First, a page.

How to Sue a Private Prison
Prison isn’t a fun place to be, but that doesn’t mean prisoners should be subjected to abuse and neglect in the name of punishment. Yet, prison abuse allegations are on the rise in the United States in both state-owned and privately held prisons. Reports of abuse and inhumane treatment continue to surface about prisons in New Mexico, with some inmates filing a civil lawsuit.
There are nine prisons in New Mexico. Six are owned by the state and another three are owned by private entities. When prisoners feel their civil rights are violated, they have recourse. Contacting a law firm skilled in prison abuse violations is a crucial part of the process.
What rights do prisoners have behind bars?
Just because you are imprisoned as punishment for a crime doesn’t mean you lose all your rights while behind bars. You still have the right to a minimum standard of living and to be treated fairly without discrimination based on your race, sex, national origin, or religion. You also retain free speech and religion rights if they do not interfere with the status of other inmates.
The Eighth Amendment of the U.S. Constitution also protects prisoners from cruel and unusual punishment. Access to the parole process and due process for administrative appeals are included in these safeguards.
How is a private prison different from a state-owned prison?
Unfortunately, New Mexico’s use of private prisons exceeds that of other states. More than half of all prisoners incarcerated in the state are serving their sentences in private prisons, according to data from The Sentencing Project, which monitors private prisons in the U.S. In comparison, only 8 percent of prisoners nationally are housed in private prisons.
Public prisons are owned and operated by the state or federal government. Taxpayers foot the bill to operate them. Because they are taxpayer-funded, public prisons have strict reporting requirements and oversight by the government.
Private prisons receive funding from government contracts and other third-party investors. They are not required to release information about inmate populations or how the money they receive is being used to run the prison. Private prisons can pick and choose which prisoners they accept, with a tendency toward less violent inmates.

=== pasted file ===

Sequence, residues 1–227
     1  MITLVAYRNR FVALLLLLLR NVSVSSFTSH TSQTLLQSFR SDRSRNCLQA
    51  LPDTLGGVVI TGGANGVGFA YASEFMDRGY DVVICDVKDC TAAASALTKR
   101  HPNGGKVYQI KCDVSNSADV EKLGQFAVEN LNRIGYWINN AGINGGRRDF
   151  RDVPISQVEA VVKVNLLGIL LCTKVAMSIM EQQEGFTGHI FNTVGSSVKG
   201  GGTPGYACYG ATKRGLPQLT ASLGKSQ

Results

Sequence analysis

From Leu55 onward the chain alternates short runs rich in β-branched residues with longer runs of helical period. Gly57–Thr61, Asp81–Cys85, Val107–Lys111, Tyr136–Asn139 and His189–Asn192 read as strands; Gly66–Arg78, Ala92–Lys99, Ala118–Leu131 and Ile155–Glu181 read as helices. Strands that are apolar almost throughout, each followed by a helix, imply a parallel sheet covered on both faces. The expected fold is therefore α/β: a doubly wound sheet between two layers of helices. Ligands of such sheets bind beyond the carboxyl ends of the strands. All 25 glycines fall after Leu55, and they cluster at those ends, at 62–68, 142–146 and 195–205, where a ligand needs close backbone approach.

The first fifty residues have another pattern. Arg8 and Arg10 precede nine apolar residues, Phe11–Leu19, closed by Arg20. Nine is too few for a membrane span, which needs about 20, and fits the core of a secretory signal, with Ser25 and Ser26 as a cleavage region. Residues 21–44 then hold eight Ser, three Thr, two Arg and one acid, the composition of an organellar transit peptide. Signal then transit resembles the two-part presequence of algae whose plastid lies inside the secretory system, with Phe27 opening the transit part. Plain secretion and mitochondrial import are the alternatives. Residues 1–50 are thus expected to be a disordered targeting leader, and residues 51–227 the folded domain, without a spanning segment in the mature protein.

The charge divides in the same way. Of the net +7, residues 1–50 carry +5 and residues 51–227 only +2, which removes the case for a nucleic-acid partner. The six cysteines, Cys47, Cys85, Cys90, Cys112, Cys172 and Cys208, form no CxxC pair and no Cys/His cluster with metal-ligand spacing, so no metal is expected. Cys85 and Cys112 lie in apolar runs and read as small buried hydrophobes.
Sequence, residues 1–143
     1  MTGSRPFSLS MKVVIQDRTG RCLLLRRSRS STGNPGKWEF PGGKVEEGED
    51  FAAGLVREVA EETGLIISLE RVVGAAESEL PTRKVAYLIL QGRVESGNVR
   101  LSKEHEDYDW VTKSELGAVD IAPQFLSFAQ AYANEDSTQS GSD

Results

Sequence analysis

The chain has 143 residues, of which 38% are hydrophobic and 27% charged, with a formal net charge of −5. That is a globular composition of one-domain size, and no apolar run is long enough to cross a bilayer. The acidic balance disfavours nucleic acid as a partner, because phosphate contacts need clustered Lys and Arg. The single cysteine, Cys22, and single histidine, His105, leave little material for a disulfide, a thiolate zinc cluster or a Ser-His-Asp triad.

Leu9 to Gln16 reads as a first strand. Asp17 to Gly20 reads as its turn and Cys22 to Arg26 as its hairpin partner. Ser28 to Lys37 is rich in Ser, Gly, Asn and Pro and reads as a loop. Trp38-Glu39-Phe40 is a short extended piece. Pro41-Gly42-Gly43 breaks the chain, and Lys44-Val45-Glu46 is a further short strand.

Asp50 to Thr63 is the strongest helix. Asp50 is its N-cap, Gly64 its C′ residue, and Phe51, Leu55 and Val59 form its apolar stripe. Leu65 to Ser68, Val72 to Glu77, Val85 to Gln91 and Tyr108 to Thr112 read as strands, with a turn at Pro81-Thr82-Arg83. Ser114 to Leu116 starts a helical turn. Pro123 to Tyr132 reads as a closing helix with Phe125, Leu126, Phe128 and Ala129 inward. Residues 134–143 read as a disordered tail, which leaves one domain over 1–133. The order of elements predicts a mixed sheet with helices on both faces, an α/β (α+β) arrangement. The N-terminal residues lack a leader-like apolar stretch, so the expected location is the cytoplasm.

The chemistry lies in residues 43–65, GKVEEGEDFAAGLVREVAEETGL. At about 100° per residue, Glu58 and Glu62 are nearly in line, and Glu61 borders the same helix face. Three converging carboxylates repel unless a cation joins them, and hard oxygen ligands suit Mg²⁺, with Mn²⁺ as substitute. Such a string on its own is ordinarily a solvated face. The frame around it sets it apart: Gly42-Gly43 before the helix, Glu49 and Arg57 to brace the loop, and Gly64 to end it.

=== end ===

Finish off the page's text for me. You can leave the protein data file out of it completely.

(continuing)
Despite favoring less violent inmates, a 2017 Justice Department report concluded that private prisons were more dangerous and less effective at reforming prisoners.
Why would you sue a private prison?
Injuries and abuse are the top reasons inmates sue private prisons. Other reasons may include becoming ill or injured due to negligence on the part of prison administration or staff. How you handle these kinds of incidents in a private prison is severely limited by the Prison Litigation Reform Act.
One of the starkest differences between public and private prisons is how inmates seek legal recourse for abuse and other mistreatment. Prisoners in public prisons can sue under Section 1983 of the Civil Rights Act if they are injured or abused.
Detainees in private prisons do not have the same ability since the prisons aren’t government-run. They must instead file standard tort lawsuits based on negligence or intentional torts like those used for battery.
What is private prison negligence?
Private prisons exist for one reason only: to make a profit. Putting profit above prisoner safety and security can be a common theme among private prisons. It’s not rare to see them accused of engaging in careless, dangerous, and negligent acts to save money. Failing to maintain adequate staffing levels is one way that private prisons put profit over prisoner well-being.
An attorney skilled in personal injury and civil rights laws can help prisoners and their families navigate abuses and other forms of neglect within the private prison system. The team at Cameron and Russell have the knowledge and experience to help you resolve private prison issues. Give us a call at 505-218-7844 or contact us online to schedule your case evaluation.